Wholemeal unleavened pan-fried bread - Makes 20-24

Wholemeal unleavened pan-fried bread – Makes 20-24


These flat discs of unleavened bread have a delightful flavour and chewy texture. They can be served simply with (veg) butter, alongside dry curries or vegetable dishes.



  • 375 g (2 1/2 cups) wholemeal,, atta or roti flour, plus extra for dusting
  • 1 – 1 1/2 teaspoons salt, or to taste
  • 1 tablespoon vegan ghee or coconut oil (optional)



  1. To make the chapati dough, put the flour and salt in a mixing bowl and rub in the ghee (if using).
  2. Add 250 ml (1 cup) water and mix to a firm but not stiff dough.
  3. Continue to knead for at least 10 minutes (the more it is kneaded, the lighter the bread will be).
  4. Form the dough into a ball, cover with plastic wrap and stand for at least 1 hour or longer (if left overnight the chapatis will be very light and tender).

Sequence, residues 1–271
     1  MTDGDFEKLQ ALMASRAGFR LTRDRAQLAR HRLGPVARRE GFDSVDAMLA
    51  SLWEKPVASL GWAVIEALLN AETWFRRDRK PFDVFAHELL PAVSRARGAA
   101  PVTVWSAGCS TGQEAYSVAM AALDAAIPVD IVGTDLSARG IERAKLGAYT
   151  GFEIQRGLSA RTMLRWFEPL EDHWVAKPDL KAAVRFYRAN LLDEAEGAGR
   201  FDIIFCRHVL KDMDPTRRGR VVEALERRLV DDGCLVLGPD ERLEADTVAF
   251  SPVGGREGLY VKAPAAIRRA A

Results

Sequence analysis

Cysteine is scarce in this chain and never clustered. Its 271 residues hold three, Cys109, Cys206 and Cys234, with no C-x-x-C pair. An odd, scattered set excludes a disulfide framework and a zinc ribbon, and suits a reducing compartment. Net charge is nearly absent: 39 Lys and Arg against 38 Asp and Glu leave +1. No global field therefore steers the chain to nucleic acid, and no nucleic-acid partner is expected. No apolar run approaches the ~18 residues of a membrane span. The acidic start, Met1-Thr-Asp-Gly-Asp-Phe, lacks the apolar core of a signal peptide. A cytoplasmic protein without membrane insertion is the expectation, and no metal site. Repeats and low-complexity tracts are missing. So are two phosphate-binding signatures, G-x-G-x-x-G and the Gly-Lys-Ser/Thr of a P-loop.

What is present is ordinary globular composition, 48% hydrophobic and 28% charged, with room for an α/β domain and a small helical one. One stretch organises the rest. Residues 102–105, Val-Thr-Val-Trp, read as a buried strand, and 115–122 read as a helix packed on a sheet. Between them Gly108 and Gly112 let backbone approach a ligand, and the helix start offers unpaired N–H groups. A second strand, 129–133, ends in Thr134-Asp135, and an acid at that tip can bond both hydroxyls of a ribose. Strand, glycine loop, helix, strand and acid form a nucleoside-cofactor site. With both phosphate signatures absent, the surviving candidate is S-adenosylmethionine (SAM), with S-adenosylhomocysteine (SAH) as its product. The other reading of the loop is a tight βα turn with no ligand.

5. Shape the dough into balls with a 5 cm diameter.
  6. Roll out each ball on a lightly floured work surface to make a thin circle – you should have about 20 rounds.
  7. Heat a griddle plate or a large heavy-based frying pan over high heat.
  8. Tawa Flat Cooking Plate

    Tawa Flat Cooking Plate

    Start cooking the chapatis with those that were rolled first (the resting between rolling and cooking also seems to make for lighter chapatis).

  9. Cook for about 1 minute, then turn and cook for a further 1 minute, pressing lightly around the edges of the chapati with a folded tea towel – this encourages bubbles to form and makes the chapatis light.
  10. As each one is cooked, wrap in a clean tea towel until all are cooked. Serve immediately.



In India, chapatis are cooked on the tawa or griddle plate and are held for a moment or two right over the fire – this makes them puff up light balloons. You can do this over a gas flame, holding them with kitchen tongs. I used the barbecue hot plate which is pretty similar to the griddle plate – it worked well.

Cast Iron Griddle Plate

Cast Iron Griddle Plate